Celebrate R.I. Natural History Week
Where better to celebrate Natural History Week than right here on Block Island?
The selection of the first week of November, by Gubernatorial Proclamation, seems especially fitting for us here. Keen observers will notice many changes in the natural environment in early November, not the least of which is the golden light reflecting off tawny and rubrus grasses, ornately adorned by tufts and cowlicks of seed heads.
In a walk afield you will note that the bird populations have shifted from colorful and flitty warblers and elegant shore birds to sturdy sparrows and sanderlings. Squealing and diving terns have moved on, and now — in early November — hooded mergansers and ruddy ducks have appeared. Just as the constellation Scorpio has now been ushered out of the night sky by the appearance of Orion, an age-old cycle of revolution.
These shifts occur in the ocean as well: lobsters and horseshoe crabs are moving to deeper water, and for the skillful angler striped bass are moving into striking distance from the shore.
The practice of natural history is based on curiosity and observation – basic skills that most possess, especially children, we are all potentially natural historians. Have you ever raised an ant farm, collected shells at the shore, arranged a wildflower bouquet, counted how many deer you saw in an evening or birds at a bird feeder, dug a piece of old peat out of a bog, or painted a landscape? If you have done any of these things you are a member of the legion of naturalists.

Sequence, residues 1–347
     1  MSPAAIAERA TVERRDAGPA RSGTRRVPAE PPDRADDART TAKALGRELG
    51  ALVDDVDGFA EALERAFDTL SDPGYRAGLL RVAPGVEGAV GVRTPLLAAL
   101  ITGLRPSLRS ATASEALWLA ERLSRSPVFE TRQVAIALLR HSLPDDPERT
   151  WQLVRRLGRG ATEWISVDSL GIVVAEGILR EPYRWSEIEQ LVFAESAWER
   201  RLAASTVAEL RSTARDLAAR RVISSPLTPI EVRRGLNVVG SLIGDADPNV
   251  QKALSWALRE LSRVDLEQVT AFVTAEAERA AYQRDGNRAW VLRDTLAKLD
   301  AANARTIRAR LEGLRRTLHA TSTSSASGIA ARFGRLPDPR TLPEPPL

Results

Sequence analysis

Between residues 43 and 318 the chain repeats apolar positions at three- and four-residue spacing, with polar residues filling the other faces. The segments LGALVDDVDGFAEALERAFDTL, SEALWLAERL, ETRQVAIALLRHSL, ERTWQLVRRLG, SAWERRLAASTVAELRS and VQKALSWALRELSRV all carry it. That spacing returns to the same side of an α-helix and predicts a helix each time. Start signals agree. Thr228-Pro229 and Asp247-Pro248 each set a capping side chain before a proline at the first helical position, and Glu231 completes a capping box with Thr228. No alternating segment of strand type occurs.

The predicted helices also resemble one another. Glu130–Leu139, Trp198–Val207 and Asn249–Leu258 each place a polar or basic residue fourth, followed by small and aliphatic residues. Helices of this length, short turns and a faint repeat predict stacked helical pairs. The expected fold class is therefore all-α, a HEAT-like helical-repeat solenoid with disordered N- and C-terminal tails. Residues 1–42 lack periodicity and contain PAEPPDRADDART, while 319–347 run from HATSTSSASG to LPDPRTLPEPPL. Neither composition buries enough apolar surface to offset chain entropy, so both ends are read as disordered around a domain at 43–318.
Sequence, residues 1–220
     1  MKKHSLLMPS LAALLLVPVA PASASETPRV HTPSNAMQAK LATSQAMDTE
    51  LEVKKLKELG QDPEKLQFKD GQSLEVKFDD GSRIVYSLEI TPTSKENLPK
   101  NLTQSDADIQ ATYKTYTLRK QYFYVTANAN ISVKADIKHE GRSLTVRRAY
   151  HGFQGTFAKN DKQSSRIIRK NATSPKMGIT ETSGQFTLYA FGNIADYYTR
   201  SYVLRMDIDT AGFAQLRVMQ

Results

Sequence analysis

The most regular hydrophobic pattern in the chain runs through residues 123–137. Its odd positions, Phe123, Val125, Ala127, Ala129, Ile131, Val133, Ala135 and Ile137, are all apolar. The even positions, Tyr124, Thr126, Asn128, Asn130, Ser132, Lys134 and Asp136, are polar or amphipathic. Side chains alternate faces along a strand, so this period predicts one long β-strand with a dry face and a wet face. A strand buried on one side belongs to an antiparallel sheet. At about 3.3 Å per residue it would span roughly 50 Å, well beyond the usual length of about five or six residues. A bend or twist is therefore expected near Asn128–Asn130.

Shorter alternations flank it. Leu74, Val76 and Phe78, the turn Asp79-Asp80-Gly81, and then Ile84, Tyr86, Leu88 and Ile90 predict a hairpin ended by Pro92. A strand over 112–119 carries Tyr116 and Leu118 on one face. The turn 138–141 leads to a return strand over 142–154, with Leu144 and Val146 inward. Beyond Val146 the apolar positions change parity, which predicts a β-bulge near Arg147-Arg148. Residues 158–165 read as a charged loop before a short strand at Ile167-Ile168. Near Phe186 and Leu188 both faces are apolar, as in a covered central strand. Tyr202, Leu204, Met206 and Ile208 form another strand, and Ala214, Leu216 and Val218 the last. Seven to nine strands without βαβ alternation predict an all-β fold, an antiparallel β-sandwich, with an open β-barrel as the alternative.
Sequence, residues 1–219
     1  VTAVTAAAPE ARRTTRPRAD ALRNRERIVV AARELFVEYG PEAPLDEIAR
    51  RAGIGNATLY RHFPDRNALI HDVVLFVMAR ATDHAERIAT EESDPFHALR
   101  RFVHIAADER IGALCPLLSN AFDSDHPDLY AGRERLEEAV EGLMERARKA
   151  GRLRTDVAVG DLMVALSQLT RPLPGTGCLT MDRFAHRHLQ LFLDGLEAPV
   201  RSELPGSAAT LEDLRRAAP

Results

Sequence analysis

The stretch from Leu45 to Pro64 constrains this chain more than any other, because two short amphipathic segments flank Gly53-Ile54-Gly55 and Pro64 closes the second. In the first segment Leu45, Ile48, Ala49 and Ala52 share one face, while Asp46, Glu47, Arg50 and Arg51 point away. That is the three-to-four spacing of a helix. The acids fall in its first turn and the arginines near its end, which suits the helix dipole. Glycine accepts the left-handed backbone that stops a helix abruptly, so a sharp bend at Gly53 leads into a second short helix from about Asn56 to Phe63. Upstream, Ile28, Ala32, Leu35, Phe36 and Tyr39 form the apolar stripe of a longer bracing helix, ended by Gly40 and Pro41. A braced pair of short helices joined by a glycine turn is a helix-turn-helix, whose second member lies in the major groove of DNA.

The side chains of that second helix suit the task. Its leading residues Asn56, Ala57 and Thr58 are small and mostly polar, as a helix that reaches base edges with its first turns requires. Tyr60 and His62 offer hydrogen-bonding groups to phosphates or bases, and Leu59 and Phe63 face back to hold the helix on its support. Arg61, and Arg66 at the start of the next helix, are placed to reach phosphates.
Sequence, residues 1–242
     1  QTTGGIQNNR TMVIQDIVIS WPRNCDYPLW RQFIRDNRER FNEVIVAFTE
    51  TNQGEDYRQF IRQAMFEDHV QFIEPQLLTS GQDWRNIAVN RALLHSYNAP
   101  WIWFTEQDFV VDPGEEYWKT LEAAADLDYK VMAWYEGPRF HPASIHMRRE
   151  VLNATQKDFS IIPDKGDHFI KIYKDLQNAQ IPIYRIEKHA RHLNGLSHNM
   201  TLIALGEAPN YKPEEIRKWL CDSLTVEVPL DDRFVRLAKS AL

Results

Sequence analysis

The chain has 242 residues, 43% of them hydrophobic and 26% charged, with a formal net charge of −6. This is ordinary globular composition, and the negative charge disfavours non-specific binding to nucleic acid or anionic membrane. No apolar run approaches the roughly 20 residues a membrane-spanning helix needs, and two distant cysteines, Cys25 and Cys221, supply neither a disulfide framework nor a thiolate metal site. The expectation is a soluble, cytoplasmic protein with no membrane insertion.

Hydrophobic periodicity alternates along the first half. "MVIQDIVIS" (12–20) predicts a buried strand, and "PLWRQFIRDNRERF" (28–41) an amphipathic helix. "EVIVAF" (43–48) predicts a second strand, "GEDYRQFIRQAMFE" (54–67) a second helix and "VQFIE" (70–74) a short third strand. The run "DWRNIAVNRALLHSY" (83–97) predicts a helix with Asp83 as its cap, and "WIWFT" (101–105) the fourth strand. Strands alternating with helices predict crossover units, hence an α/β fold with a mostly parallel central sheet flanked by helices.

The practice of natural history observations is of course fun; it is also very useful. David Gregg, Director of the R.I. Natural History Survey explains it well:
“Without natural history, we would have no idea what species of animals and plants occur in the state, what the distribution and viability of their populations are, or whether that distribution and viability is trending up, down, or staying the same. We would have not data or language with which to describe the impact of climate change on our biological resources. We would not know whether any particular species was here historically or is in fact a potentially destructive, recently arrived, invasive pest or pathogen.”
To paraphrase a friend’s recent statement: field biologists are great! They are so passionate and industrious about their work. We all can be, and probably are, field biologists and natural history practitioners at some points in our lives. So, get curious and observant and enjoy the upcoming Natural History Week.
For more opportunities to celebrate Natural History Week join these Ocean View Foundation, and other’s, events and programs:
Nov. 5 at 8 a.m. Crazy-as-a-Coot Bird Walk
Nov. 8 at the Quonset O Club, RINHS will present a public lecture by Eric Dinerstein (Chief scientist with the World Wildlife Fund)
Nov. 10 at 1p.m. Elizabeth Dickens and Her Birds (guided visit to the E.D. bird collection at the Block Island School.